16.10 Deterministic Algorithm (2)
There can be degrees of deterministic behavior: an algorithm that
also uses a random number generator
might not be considered deterministic
However, if the "random numbers" come from a pseudorandom number
generator, the behavior may be
deterministic
Most computing environments offer a “pseudo random number generators,”
therefore, most randomized
algorithms, in practice, behave deterministically!
16.11 Heuristic
A procedure that usually, but not always, works or that gives
nearly the right answer
Some problems, such as the traveling salesman problem, take far too long
to compute an exact, optimal
solution. A few good heuristics have been devised that are fast and find
a nearoptimal solution more
often than not
Is a heuristic, an algorithm? Yes? No? Why?
A Few Questions
Is that the best possible sequence?
How do you know?
How do I determine the best sequence?
16.12 The Brute Force Strategy (1)
A strategy in which all possible combinations are examined and
the best among them is selected
What is the problem with this approach?
A:
Doesn’t scale well with the size of the problem
How many possible city sequences for n=6? For n=60? For n=600?
16.13 The Brute Force Strategy (2)
However, with the relentless increase in computing power, certain
problems that – only a few years ago
 were impossible to solve with brute force, are now solvable with this
technique
16.14 A Selection of Algorithmic Application Areas
Search
Sort
Cryptography
Parallel
Numeric
Graphical
Quantum computing
Combinatory
We’ll now talk about the various ways of representing algorithms.
But, before we do that please allow me to say a few words about …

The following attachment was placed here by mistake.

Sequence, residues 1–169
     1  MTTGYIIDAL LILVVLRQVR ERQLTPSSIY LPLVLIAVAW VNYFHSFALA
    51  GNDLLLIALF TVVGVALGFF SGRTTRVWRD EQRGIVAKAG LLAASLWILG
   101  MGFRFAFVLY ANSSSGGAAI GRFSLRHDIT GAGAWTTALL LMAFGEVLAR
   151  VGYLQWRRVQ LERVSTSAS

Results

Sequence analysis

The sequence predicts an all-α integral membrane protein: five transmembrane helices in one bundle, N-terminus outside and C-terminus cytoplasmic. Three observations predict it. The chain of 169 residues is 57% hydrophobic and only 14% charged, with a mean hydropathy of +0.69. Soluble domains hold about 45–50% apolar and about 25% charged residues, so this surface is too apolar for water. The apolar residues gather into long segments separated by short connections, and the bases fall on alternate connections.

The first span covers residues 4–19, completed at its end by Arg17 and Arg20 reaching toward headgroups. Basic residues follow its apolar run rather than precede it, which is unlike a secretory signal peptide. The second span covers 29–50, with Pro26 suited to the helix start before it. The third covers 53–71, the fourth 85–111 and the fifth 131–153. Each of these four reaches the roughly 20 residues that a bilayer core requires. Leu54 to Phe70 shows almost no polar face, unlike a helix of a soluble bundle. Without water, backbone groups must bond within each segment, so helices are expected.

The Traveling Salesman Problem
A salesman needs
to visit each of the n
cities one after the
other and wants to
finish the trip where
it was started
Determine the
sequence of cities
such that the
traveling distance is
minimized
2
6
5
4
3
1
A possible sequence for n =
6
Now onto Algorithm Representation
We have said enough about algorithms – their definition, their
types, etc.
But, how do we actually represent them?
Generally, SW developers represent them in one of three forms:
Pseudo code
Flowcharts
Actual code
Pseudo Code
Language that is typically used for writing algorithms
Similar to a programming language, but not as rigid
The method of expression most suitable for a given situation is used:
At times, plain English
At others, a programming language like syntax
16.15 Flowchart
A graphical representation of a process (e.g. an algorithm), in
which graphic objects are used to indicate
the steps & decisions that are taken as the process moves along from
start to finish
Individual steps are represented by boxes and other shapes on the
flowchart, with arrows between those
shapes indicating the order in which the steps are taken
An algo. is “correct” if its:
–
Semantics are
correct
–
Syntax is correct
Semantics:
The concept embedded in
an algorithm (the soul!)
Syntax:
The actual representation
of an algorithm (the body!)
WARNINGS:
1.An algo. can be
syntactically correct, yet
semantically incorrect –
very dangerous
situation!
2.
Syntactic correctness
is easier to check as
compared with semantic
Syntax & Semantics
In Today’s Lecture, We …
Became familiar with the concept of algorithms:
What they are?
What is their use?
What do they consist of?
What are the techniques used for representing them?
Next Lecture: Algorithms II
We will continue our discussion on algorithms during the next
lecture
In particular, we will discuss the pseudo code and flowcharts for
particular problems
We will also discuss the pros and cons of these two algorithm
representation techniques i.e. pseudo code
and flow charts
Start or stop
Process
Input or output
Connector
Decision
Flow line
Offpage connector
Flowchart
Elements